October 26, 2010 11 Comments A life all turbulence and noise A life all turbulence and noise may seem,To him that leads it, wise and to be praised;But wisdom is a pearl with most successSought in still water, and beneath clear skies. ~ William Cowper, The Task (1785). Book III. The Garden
This was still water in the middle of a busy day.
Good words, Ann.
(if only the person in the picture had a fly-rod)
She was borrowing the equipment you see…but someday, I could see her with one.
Wow. The strange thing is that I know who William Cowper is. I recently read a biography of John Newton (by Josiah Bull) and I learned that they were very close friends. Cowper was a troubled man, but a prolific and renowned poet. I love this poem for its simplicity and its veracity. Thanks for sharing, Ann.
So would you say he didn’t have much in the way of still waters or clear skies?
Maybe it reflects his longing for them…and for wisdom?
Newton’s biography portrays Cowper as inclined towards depression and having a temptation towards “self-destruction.” At least this was so, 10-13 years before your poem was written. Fits the stereotype of the melancholy artist/poet doesn’t it?
The picture, the words – they minister. I have felt the call to the stillness for a long time now. It really is the very best of places.
I love it. And I’m slowing down today.
Janis@Open My Ears Lord says
Well, I’ll try to disregard the melancholy/depression aspect of this writer and just say that I liked the call to quiet the noise in our lives. (Didn’t know the other stuff until I read the comments.)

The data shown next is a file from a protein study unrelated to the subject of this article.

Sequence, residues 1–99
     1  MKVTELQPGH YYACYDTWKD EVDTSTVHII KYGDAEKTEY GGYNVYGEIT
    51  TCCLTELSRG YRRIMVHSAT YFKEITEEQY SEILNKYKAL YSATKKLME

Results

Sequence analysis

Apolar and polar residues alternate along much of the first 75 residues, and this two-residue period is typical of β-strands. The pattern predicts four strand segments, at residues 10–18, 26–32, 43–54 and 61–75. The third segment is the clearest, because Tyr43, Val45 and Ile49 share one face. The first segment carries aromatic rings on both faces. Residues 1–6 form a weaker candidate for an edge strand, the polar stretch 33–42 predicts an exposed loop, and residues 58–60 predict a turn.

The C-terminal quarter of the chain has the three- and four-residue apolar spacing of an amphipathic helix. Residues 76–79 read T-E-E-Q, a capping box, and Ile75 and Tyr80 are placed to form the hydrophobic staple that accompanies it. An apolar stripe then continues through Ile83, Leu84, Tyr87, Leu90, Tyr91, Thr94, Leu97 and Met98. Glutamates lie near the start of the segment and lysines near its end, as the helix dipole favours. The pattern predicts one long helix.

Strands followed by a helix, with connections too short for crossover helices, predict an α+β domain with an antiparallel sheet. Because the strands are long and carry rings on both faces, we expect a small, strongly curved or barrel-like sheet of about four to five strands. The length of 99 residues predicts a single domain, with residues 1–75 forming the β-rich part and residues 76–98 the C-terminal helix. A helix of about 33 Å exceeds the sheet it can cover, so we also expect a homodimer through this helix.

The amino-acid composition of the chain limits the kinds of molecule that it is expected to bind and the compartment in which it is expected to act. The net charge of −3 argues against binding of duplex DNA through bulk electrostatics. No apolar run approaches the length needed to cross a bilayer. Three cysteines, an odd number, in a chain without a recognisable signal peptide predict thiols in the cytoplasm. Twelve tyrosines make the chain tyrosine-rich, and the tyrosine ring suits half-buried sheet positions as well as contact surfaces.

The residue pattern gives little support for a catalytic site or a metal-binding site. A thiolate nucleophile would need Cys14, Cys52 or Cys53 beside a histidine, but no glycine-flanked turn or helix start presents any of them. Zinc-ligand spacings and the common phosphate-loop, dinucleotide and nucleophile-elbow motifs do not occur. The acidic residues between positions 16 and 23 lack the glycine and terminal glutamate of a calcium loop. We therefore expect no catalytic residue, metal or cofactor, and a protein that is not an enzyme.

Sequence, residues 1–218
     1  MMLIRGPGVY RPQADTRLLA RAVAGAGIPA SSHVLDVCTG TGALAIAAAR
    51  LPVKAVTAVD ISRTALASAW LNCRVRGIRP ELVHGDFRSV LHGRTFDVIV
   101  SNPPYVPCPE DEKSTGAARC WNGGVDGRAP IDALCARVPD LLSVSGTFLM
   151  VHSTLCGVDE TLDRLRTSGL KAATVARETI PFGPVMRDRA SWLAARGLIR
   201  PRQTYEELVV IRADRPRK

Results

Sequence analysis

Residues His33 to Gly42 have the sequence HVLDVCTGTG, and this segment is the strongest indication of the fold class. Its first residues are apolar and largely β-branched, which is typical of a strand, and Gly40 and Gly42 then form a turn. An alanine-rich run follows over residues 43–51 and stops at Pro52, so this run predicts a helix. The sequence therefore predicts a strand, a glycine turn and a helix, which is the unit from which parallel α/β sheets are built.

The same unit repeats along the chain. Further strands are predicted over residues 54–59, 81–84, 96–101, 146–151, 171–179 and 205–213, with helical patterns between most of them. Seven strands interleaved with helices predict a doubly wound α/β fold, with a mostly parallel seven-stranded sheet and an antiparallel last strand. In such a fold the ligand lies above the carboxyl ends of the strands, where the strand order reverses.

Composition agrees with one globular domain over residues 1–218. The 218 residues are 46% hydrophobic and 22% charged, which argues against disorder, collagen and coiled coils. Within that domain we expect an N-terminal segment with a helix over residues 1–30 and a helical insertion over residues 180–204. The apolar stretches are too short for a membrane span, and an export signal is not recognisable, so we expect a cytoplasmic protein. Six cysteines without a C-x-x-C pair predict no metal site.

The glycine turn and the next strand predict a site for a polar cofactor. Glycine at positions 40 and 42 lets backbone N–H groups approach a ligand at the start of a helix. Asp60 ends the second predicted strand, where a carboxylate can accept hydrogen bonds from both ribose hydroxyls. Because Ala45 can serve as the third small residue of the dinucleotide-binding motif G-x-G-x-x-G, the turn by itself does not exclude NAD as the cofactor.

Have a peaceful week,
Same here–I liked the original message. But can’t the words stand on their own and have meaning without knowing the author’s circumstances?
Gosh, I didn’t mean to take anything away from the words or sentiment or value or meaning of Cowper’s poem or anyone’s enjoyment of it. I apologize. It is a wonderful, wonderful poem. I think knowing that little bit of background on Cowper actually lends more credence to his words. As you said, Ann, it may reflect his longing for still waters and clear skies and wisdom. I admit that maybe it’s not profitable to overlay anything over poetry…I’ll be more careful in future. Blessings.
Angela Doll Carlson says
It goes to show that the words we put to page take on a life of their own, apart from us. It’s a sign of a great writer that we can find ourselves in the work. 🙂